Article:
Sarin maker sentenced to die

Chief Aum chemist punished over deadly subway attack

Aum Shinrikyo’s former chief chemist was sentenced to death Friday for murder and other charges related to the deadly sarin gas attack the doomsday cult unleashed on the Tokyo subway system in 1995.

Seiichi Endo, 42, was handed the sentence by the Tokyo District Court. He is the ninth member of Aum condemned to hang.

Endo faced charges in five criminal cases, including murders and an attempted murder between May 1994 and April 1995.

Presiding Judge Satoru Hattori ruled that Endo, acting on orders from cult founder Shoko Asahara, played a key role in the murders by producing the sarin gas. Hattori did not accept an argument by the defense that Endo, a chemistry expert, was unaware the lethal gas would be used to kill people.

It was the first time that a court ruling has been handed down to an Aum member accused of producing sarin gas. Endo is believed to have played a central role in the cult’s production of biochemical weapons together with Tomomasa Nakagawa and Masami Tsuchiya, who are still on trial.

A native of Sapporo, Endo joined Aum in 1987 while still enrolled as a graduate student of virology at Kyoto University.

During earlier sessions of the trial, Endo admitted producing the deadly gas used in the subway attack on March 20, 1995, which left 12 people dead and thousands others injured.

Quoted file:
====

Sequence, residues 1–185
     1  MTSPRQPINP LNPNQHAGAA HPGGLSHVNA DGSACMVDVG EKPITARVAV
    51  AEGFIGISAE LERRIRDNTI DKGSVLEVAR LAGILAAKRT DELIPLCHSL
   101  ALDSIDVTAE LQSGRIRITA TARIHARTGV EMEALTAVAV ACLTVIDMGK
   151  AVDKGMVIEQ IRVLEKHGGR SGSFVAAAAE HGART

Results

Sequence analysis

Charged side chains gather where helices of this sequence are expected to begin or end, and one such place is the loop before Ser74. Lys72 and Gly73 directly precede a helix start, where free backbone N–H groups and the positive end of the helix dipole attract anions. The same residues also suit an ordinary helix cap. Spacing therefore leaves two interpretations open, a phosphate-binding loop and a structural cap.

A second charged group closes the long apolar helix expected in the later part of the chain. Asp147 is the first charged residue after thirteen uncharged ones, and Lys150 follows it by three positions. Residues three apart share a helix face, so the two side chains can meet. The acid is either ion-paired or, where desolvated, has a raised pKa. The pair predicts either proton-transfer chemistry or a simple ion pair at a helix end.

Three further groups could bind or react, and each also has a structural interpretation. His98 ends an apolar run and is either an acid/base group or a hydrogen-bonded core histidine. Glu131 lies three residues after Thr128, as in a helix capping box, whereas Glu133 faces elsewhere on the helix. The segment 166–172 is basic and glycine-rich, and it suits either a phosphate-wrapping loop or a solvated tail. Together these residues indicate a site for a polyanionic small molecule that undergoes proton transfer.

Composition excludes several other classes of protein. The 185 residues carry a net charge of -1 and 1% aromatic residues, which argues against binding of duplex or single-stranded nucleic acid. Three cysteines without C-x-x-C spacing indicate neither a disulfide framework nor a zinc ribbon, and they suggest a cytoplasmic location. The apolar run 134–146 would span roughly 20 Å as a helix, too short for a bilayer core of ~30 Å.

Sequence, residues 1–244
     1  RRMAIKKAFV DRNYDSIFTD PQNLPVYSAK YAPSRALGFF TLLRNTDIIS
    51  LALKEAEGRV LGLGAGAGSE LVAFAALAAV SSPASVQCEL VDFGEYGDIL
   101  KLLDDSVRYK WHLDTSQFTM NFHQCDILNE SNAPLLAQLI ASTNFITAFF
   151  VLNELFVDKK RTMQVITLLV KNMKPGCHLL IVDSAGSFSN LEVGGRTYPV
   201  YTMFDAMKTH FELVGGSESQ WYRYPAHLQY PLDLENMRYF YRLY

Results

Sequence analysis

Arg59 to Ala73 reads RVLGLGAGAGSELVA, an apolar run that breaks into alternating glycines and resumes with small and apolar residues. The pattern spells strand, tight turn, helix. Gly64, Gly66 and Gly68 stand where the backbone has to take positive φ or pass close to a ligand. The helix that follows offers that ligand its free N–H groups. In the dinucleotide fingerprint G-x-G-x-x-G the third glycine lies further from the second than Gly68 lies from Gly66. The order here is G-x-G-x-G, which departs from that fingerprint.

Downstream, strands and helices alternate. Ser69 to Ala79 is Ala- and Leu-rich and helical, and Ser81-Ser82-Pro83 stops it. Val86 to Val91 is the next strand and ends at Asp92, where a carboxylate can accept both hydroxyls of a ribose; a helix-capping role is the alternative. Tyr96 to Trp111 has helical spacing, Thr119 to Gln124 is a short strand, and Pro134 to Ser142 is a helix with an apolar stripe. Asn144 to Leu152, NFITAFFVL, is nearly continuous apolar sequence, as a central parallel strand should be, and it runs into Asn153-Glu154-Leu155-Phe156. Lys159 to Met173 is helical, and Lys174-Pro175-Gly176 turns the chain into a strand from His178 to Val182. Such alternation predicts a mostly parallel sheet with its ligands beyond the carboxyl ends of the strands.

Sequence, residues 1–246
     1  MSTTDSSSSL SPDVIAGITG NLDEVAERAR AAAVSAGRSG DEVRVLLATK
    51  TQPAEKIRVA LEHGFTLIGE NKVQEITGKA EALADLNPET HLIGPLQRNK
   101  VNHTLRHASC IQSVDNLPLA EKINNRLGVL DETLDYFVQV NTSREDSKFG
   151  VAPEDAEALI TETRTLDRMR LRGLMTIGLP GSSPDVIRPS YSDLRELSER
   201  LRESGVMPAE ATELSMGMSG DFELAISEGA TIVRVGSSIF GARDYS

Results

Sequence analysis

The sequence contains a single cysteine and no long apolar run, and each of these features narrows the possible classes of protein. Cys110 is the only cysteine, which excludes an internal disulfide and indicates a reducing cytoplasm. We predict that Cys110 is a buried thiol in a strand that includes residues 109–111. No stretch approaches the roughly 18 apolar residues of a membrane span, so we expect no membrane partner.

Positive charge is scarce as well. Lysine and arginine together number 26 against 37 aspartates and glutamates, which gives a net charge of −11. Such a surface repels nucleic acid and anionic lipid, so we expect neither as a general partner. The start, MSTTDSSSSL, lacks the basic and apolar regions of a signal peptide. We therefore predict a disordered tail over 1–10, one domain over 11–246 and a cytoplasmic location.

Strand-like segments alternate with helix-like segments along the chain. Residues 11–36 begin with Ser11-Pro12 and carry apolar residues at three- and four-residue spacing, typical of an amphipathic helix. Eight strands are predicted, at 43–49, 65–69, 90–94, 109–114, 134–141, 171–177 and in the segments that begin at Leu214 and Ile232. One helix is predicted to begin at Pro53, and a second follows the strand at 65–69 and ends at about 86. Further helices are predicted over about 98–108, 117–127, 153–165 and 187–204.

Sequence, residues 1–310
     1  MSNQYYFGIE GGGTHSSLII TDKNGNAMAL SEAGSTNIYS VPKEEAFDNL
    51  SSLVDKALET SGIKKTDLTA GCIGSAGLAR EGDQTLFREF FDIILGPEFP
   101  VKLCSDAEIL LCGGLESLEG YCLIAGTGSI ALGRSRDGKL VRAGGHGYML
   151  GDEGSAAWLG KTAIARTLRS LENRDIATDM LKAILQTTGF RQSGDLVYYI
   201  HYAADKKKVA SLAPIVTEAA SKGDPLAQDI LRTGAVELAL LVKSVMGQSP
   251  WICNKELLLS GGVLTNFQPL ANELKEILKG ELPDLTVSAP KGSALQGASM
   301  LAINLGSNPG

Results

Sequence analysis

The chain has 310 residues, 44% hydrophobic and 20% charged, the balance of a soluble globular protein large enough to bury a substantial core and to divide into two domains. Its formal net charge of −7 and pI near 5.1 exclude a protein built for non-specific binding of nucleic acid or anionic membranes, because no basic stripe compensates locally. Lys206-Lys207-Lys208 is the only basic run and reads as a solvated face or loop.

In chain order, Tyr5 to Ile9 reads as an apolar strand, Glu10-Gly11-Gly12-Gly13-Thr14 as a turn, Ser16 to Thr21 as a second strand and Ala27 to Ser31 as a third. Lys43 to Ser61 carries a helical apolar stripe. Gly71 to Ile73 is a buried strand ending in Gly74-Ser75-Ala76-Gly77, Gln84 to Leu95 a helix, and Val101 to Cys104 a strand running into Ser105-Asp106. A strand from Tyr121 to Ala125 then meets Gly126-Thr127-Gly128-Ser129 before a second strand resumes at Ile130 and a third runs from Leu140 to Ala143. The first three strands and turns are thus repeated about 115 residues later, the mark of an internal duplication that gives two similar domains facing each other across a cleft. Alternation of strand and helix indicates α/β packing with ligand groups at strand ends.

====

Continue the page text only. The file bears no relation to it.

Endo has told the court that he acted on the instructions of Asahara, 47, whose real name is Chizuo Matsumoto. Asahara is the alleged mastermind behind the cult’s crimes and is being tried separately at the district court.

Endo was also found guilty of playing a role in a sarin attack in Matsumoto, Nagano Prefecture, in June 1994 that killed seven people and injured 144.

Endo again denied any intent to kill, claiming he was simply on standby at the site and did not think the biochemical weapon he had created was going to be used to kill people.

His lawyers called for leniency from the court, claiming Endo had been brainwashed by Asahara and was therefore in a state of diminished responsibility.

They also argued that Endo’s cooperation with investigators, which included providing detailed statements about the cases after his arrest, amounts to legal surrender and that a death penalty should not be applied to him.

Hattori responded that while Endo may have been acting on Asahara’s instructions, he nevertheless committed the crimes of his own free will.

“The accused played a key role (in the murders) by producing the sarin gas, knowing that the gas would be used (in the subway attack) so as to prevent an imminent police raid on the cult,” Hattori said.

Endo was “fully aware that the gas would be used to kill people,” Hattori said.

Touching on his responsibility in the gas attack in Matsumoto, Hattori noted that Endo, who accompanied the other cult members releasing the gas, was fully aware of the toxic nature of sarin.